On August 24, 2019, Andrew Luck shocked the sports world when he announced that he was stepping away from the NFL. A three-time Pro Bowl quarterback for the Colts, Luck said that injuries were the main reason why he had decided to retire after just seven seasons and 94 games.
Phillip Rivers, the Colts' new starting quarterback, was halfway through the Chargers' preseason game against the Seahawks when he heard the news of Luck's retirement. A year later, Rivers is now tasked with helping the Colts get back to the playoffs for the first time since 2018, when Luck – that year's Comeback Player of the Year – led Indianapolis to the divisional round.
"I was walking off the field in a preseason game at halftime … somebody had gotten it, not a player, but somebody had gotten it when we were in the locker room," Rivers said, via Zak Keefer of The Athletic. "Somebody passed it along because we were already shifting gears to the Colts that week (the Chargers' Week 1 opponent). Certainly, everybody out there was surprised."
Luck's announcement came as such a shock that ESPN's Adam Schefter, the person who broke the news of Luck's retirement, began questioning his own reporting shortly after Tweeting the news.
"One of the first texts I received was from Matthew Hasselbeck (an ESPN analyst and Luck's former teammate with the Colts)," Schefter said on "The Dan Le Batard Show with Stugotz."
"And he said to me, 'Are you sure?' And I texted back 'Yes.' And he said 'I don't know about that … I spoke to Andrew yesterday and today and he never mentioned anything to me.' And so when Andrew Luck's friend, and teammate and backup quarterback texted me asking me if I was right, I have to say it made me a little bit uneasy."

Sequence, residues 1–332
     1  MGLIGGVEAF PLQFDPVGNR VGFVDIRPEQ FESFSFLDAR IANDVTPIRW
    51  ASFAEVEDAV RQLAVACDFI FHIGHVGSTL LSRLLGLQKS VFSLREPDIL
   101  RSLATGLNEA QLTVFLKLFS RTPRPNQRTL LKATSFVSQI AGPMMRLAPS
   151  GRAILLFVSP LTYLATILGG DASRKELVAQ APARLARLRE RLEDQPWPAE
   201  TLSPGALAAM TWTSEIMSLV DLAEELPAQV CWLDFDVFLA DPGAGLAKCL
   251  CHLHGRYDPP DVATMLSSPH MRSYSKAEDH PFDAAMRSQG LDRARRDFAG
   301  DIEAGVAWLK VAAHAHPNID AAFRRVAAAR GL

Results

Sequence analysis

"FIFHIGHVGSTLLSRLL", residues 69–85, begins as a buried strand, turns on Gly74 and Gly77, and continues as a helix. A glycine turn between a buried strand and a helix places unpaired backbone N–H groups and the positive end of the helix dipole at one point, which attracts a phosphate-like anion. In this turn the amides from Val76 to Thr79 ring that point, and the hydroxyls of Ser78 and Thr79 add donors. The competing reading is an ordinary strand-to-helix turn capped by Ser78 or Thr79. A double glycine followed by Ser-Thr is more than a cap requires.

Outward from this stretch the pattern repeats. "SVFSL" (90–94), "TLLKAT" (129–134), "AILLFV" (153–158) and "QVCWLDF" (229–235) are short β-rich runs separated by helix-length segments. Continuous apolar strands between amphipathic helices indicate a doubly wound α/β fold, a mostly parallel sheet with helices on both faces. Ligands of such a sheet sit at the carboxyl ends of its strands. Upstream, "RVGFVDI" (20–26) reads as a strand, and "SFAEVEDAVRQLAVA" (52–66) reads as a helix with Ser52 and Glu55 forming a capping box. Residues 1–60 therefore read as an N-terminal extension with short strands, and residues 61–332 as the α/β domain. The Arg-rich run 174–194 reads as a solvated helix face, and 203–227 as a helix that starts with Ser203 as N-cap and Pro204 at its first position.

Schefter, and the rest of the football world would shortly find out -- from Luck himself -- that his report was indeed accurate. With the news of his impending retirement all over social media, Luck decided to move up his previously planned press conference (initially set for Sunday, August 25) to immediately following the Colts' preseason game against the Bears.
Luck, who admitted that he was not properly dressed for the occasion (his parents, who had planned to be in attendance Sunday for the previously planned press conference, weren't on hand for Luck's actual retirement speech), confessed that the four-year cycle of "injury, pain, recovery, injury" had forced his decision to walk away from the game after six active seasons.
Luck received boos from some Colts fans who found out about the news during Saturday's preseason game. Schefter, meanwhile, also received flack for not allowing Luck to handle his retirement on his own terms. And while he doesn't regret his decision to honor the duties of his job while reporting the news of Luck's retirement, he added that he took no joy is breaking what may be the biggest story of his career to this point.
"It's a sad story, it's a shocking story," he said. "You've got a player who's about to turn 30-years-old in the prime of his career, who's great for the Colts, who's great for the Indianapolis, who's great for the National Football League, walk away prematurely because he was so worn down by everything that he had been through the previous year.
"From that point, there's zero joy taken in seeing a great player leave the game."
While his career may have ended prematurely, there is apparently a happy ending with regard to Luck. According to Keefer, Luck is currently happy and healthy after allowing his body to heal. Luck, his wife and his young daughter continue to live in Indianapolis. Earlier this offseason, he had dinner with Colts coach Frank Reich and Chris Ballard. Luck also kept tabs on his former team, watching them play and calling up some of his ex-teammates to catch up after games.
Two of Luck's closest ex-teammates, lineman Anthony Castonzo and tight end Jack Doyle, are convinced that the 30-year-old Luck has indeed thrown his last pass in the NFL. Oliver Luck, Andrew's father who recently served as the CEO of the now-defunct XFL, has not seen any desire from his son as it relates to making a comeback.
While Colts owner Jim Irsey hasn't entirely ruled out seeing Luck back under center at some point down the road, Ballard is not operating under any assumption that Luck may one day decide to change his mind.
"Look, Andrew's retired," Ballard said in February. "I think we all need to accept that. That's where he's at. He's retired."
Ballard, like most members of the Colts' organization, will never forget the events of August 24, 2019, when Luck joined the list of other great athletes who decided to walk away during their prime.
"It was all surreal, looking back on it," he said. "I was sad because we had been through so much together in terms of his rehab to get back from the shoulder."